To some, they might seem an unlikely twosome: a former president and former first lady from two different administrations, different political parties, different generations and different upbringings.
“She kind of likes my sense of humor. Anybody who likes my sense of humor, I immediately like,” says Bush, in an interview to launch his first art book and new exhibit, Portraits of Courage: A Commander in Chief’s Tribute to America’s Warriors, a collection of his paintings of post-9/11 war veterans.
Bush, 70, notes that he was regularly seated beside Obama, 53, at official events like Nancy Reagan’s memorial service, an interfaith memorial service for Texas police officers last year, and the September 2016 dedication ceremony in Washington, D.C., to mark the opening of the Smithsonian’s National Museum of African American History and Culture. There, photos of the two of them cuddling on stage went viral.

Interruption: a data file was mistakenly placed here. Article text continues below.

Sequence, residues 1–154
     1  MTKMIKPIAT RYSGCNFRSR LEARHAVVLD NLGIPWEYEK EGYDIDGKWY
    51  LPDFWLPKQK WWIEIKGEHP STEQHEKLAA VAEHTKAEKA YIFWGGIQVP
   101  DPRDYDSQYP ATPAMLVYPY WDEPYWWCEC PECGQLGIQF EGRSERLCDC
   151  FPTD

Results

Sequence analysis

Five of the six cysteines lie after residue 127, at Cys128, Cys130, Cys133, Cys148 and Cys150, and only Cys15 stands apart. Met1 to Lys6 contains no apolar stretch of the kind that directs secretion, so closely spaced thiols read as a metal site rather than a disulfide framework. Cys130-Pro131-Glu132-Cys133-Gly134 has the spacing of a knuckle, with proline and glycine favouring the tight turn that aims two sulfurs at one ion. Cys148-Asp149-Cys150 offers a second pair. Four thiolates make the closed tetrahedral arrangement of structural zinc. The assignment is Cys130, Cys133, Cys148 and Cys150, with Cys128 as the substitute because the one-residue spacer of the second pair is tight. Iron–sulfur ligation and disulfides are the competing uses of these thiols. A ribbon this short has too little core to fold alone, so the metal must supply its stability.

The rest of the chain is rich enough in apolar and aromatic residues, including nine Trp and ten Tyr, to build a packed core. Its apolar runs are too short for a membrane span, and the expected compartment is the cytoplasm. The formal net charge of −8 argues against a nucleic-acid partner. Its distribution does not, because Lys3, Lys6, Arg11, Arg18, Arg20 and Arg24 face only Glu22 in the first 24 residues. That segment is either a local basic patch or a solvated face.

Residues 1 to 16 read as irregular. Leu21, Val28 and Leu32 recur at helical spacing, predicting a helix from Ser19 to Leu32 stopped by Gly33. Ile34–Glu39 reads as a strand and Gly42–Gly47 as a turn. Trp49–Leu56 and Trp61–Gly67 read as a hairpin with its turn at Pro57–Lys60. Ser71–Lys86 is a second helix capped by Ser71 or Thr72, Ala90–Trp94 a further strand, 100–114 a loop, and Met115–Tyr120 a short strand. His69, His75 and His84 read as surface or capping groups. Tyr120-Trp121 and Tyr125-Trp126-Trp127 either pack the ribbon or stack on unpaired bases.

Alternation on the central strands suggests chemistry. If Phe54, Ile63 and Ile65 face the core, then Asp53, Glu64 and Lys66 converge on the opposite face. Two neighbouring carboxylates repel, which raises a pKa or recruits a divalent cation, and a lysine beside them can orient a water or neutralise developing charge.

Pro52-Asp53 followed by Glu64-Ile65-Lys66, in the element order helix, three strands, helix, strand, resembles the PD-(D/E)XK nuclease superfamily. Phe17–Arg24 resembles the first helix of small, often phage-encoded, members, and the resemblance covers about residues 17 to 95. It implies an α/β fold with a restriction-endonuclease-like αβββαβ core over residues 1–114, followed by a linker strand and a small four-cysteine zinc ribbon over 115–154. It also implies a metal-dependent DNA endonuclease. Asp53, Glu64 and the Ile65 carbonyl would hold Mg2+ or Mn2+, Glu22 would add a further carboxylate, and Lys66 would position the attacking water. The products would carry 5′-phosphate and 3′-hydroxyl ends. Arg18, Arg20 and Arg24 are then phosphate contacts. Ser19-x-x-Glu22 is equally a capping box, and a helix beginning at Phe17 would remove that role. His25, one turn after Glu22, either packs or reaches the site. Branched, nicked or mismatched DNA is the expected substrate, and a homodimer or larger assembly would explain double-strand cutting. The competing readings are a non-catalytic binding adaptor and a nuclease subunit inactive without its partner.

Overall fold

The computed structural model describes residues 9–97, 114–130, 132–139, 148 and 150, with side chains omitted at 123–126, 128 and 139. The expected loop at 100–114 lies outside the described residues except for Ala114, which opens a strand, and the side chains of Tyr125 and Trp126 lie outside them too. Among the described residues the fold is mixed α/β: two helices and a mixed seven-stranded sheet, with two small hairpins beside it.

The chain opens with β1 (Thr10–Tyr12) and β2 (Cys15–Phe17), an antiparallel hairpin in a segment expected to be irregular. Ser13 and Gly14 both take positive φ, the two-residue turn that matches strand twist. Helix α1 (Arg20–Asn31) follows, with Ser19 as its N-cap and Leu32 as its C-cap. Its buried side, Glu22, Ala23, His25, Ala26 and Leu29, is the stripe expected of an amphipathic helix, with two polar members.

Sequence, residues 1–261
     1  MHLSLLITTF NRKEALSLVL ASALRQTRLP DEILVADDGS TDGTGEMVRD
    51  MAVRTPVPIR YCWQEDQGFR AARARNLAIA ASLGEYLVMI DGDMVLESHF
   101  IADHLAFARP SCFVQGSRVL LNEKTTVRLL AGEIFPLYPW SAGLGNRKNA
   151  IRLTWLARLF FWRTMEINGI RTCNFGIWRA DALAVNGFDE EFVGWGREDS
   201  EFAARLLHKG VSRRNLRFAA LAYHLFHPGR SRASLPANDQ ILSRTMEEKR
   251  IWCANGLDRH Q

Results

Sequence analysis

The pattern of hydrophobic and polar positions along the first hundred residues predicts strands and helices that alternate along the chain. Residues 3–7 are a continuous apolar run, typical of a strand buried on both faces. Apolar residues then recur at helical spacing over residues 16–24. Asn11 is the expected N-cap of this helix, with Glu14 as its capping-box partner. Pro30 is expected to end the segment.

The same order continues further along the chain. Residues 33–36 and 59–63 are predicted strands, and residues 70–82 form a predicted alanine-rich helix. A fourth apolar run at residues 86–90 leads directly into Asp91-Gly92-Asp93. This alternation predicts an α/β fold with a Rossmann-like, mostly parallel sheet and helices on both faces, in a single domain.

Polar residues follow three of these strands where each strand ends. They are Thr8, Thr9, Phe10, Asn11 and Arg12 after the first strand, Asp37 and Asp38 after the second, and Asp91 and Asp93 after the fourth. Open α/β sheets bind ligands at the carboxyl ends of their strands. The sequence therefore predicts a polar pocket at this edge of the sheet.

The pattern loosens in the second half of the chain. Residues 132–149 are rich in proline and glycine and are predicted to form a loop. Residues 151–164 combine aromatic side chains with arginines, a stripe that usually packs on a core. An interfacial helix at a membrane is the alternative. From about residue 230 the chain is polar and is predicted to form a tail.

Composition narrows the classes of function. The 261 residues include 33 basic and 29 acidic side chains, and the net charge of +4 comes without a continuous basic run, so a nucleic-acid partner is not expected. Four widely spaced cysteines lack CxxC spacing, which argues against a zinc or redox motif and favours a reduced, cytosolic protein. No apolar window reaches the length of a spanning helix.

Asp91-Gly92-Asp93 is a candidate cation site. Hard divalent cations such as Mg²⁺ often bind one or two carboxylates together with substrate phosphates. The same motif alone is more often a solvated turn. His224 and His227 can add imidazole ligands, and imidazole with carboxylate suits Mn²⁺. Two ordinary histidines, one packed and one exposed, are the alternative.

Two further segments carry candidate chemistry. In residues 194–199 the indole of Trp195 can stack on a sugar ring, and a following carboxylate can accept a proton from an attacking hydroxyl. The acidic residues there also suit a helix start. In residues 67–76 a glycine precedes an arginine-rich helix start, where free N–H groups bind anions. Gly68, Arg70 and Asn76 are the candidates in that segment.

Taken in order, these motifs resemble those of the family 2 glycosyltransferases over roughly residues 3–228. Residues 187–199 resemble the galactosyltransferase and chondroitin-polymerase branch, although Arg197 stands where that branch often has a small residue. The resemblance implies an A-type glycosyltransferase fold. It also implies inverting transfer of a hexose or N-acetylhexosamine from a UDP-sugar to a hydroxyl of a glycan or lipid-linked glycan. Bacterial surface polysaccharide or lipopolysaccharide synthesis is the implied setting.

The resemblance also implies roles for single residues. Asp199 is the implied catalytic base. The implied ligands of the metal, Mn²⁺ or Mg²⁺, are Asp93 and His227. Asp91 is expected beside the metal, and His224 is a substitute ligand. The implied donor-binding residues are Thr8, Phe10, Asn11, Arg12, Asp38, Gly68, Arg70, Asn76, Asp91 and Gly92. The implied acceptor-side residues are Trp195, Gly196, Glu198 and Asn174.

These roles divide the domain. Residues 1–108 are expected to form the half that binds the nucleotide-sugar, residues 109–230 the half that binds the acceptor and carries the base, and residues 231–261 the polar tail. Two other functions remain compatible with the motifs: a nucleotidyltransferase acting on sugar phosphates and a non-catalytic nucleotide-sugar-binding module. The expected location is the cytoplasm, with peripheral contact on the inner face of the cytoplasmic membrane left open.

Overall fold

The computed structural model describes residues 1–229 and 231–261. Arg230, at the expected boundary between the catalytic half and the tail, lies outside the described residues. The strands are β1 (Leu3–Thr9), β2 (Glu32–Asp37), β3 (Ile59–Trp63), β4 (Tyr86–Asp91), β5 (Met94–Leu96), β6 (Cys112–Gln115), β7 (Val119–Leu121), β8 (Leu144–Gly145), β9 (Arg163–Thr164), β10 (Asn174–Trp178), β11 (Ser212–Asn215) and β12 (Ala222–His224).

“I can’t remember where else I’ve sat next to her, but I probably have a few wise cracks and she seemed to like it okay,” says Bush. “I needle her a little bit and around her, I’m fairly lighthearted. [The Obamas] are around serious people all the time and we just took to each other.”
Asked about that sweet moment at the Smithsonian, he says: “When I saw her, it was a genuine expression of affection.”
And then there’s the work with military personnel, military families and veterans that Obama did as first lady through her Joining Forces initiative with Dr. Jill Biden, wife of the former vice president. That’s right up Bush’s alley. He has dedicated most of his post-presidency to the cause of wounded warriors—ensuring through wellness and employment programs at the George W. Bush Presidential Center that those wounded in war get the health and career assistance they need to make a full and successful transition to civilian life.
There, he and his wife Laura say, is where they hope to work with both Michelle and Barack Obama.